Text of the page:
The recent Employment Tribunal case of Mr Jordi Casamitjana, which caused quite a stir in the media, focused on the Tribunal’s decision that ethical veganism was eligible to qualify as a “protected characteristic” under the Equalities Act 2010. In that case, Mr Casamitjana was dismissed on the grounds of gross misconduct by his employer, the League Against Cruel Sports, where he was a policy adviser. More details on the case can be found in my colleague David Whincup’s blog.

A little reported feature of the case was that the straw that broke the camel’s back (as it were) for the employee was that when he rejoined his company’s employment, after a break of several years working on other causes, he was automatically enrolled in a defined contribution pension arrangement where the default fund, among other things, invested in companies which engaged in animal testing, contrary to his philosophical beliefs. Mr Casamitjana chose to invest his contributions in an alternative ethical fund but believed that his colleagues were unaware of the default fund’s investments. He decided to take matters into his own hands and publicised his views to his fellow workers to encourage them to switch to one of the ethical funds offered. The employer concluded that he had failed to follow an instruction not to provide what could be construed as financial advice to his colleagues and he was dismissed. He subsequently challenged the grounds for his dismissal and the outcome of that part of the Employment Tribunal’s deliberations is still awaited.

The principle that workers should not be discriminated against for protected characteristics is familiar in other areas of pensions law, although most of the equality legislation focus in pensions concerns gender or sexuality issues. There has been relatively little case law in relation to religious or philosophical beliefs in the pensions context. However, a recent determination by The Pensions Ombudsman (TPO) addressed this point. The complaint was from a member of the West Yorkshire Pension Fund who argued that she would never have joined the Local Government Pension Scheme (into which she had been automatically enrolled) had she known that West Yorkshire invested its fund in part in equities, which the member argued was contrary to her religious beliefs (i.e. contrary to the principles of Sharia law). That member lost her case before TPO, who held that if a scheme member holds strong beliefs, it is up to the individual to make the necessary enquiries about a scheme’s investments (which is of course exactly what Mr Casamitjana did).

What do automatic enrolment regulations say about workers’ rights not to be discriminated against? Does it matter that the scheme is defined benefit or defined contribution, where there is a much clearer link between the member and the arrangement’s investments? The short and strict answer is, whether an employee is an ethical vegan or can demonstrate some other protected characteristic in relation to his/her beliefs, that the regulations are silent. Instead, the automatic enrolment regime focuses to a large extent on the requirements of the charge cap applying to the default fund of defined contribution qualifying schemes. In relation to defined benefit pensions, such as the Local Government Pension Scheme, the qualifying scheme test issue is remote from any considerations relating to equality legislation (and of course the charge cap is not relevant) as the test is driven by the accrual rate.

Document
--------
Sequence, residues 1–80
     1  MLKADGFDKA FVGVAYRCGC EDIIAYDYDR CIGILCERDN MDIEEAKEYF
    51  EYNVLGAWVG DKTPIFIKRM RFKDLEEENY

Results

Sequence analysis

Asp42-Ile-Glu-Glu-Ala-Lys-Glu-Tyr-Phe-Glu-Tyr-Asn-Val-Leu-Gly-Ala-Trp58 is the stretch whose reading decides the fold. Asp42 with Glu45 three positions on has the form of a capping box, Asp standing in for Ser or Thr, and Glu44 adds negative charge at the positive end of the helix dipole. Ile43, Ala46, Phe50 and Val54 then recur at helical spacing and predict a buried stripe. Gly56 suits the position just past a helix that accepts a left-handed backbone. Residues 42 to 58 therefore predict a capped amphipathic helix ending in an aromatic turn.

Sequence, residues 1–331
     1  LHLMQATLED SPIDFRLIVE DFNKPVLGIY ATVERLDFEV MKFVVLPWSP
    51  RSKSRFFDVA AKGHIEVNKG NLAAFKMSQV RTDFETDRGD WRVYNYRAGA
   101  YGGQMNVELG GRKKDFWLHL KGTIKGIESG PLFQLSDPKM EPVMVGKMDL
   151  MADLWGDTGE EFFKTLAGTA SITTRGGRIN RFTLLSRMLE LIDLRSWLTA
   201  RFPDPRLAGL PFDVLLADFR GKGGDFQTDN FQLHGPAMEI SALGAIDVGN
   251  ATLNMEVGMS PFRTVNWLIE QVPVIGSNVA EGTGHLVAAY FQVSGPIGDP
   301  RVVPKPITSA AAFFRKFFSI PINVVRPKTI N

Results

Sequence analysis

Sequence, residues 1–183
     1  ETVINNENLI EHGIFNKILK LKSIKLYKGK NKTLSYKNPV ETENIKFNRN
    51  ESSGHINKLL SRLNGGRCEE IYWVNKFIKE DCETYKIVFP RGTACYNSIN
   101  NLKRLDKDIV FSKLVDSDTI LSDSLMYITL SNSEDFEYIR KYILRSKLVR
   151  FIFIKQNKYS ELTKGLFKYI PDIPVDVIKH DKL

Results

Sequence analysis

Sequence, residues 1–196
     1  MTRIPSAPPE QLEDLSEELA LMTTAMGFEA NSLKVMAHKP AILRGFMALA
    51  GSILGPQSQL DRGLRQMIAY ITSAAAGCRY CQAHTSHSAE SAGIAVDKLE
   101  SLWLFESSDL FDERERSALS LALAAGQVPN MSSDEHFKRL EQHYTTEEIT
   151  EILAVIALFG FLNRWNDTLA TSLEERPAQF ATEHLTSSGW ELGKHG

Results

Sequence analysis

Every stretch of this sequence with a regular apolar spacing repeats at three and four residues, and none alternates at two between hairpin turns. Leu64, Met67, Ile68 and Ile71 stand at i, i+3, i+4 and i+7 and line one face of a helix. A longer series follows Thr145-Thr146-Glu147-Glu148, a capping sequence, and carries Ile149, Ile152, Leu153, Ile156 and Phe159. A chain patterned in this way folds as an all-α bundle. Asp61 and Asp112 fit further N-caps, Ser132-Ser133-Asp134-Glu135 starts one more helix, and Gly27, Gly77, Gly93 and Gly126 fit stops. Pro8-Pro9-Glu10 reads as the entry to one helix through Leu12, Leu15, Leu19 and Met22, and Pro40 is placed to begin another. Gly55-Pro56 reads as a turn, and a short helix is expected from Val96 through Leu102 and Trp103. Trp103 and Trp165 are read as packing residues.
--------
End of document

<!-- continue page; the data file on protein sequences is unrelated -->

That is not to say that the law regards environmental, social and corporate governance issues as irrelevant. The chair’s statement for automatic enrolment schemes requires disclosure of trustees’ policies on these matters, but it is not the case that members have the right not to be discriminated against in the event that an investment fund which is provided for them, whether the default fund or otherwise, is contrary to their religious or philosophical beliefs. The UK is not alone in grappling with such pensions issues – the position under US automatic enrolment rules has recently been clarified (see our blog).

It is tempting to think that Mr Casamitjana’s complaint was merely an isolated incident. However, Extinction Rebellion appearances and other, more orderly activist groups, have gained access to Local Government Pension Scheme pensions meetings frequently in recent months. Furthermore, a TPO case which was reported in August 2019 concerned a deferred pensioner of the Shell Contributory Pension Fund who complained about that scheme’s policy in relation to fossil fuels. The member in question was the beneficiary of financial support from ClientEarth. In that case, the claim concerned disclosure obligations, but TPO found that there were no grounds on which the member could complain that he had been given misleading or inadequate information about the scheme’s investments. Indeed, TPO found that the trustees and employer had gone above and beyond their strict legal duties. Of course, as a deferred member, the complainant could not opt out of the Shell scheme (although he could presumably have taken a transfer if he was so concerned about the issue).

These cases illustrate that, notwithstanding the inertia on which automatic enrolment rests, many members do care how their pension fund is invested. Whether members actually understand that, in either a trust based or a contract based arrangement, decisions have to be made collectively remains to be seen. However, the argument that the money in such a collective arrangement is not technically the members’ money but belongs to the trustees/the insurer is of little relevance to complainants. Trustees should note the potential strength of feelings behind member questions and complaints on scheme investments and should seek advice if they are unsure about disclosure obligations.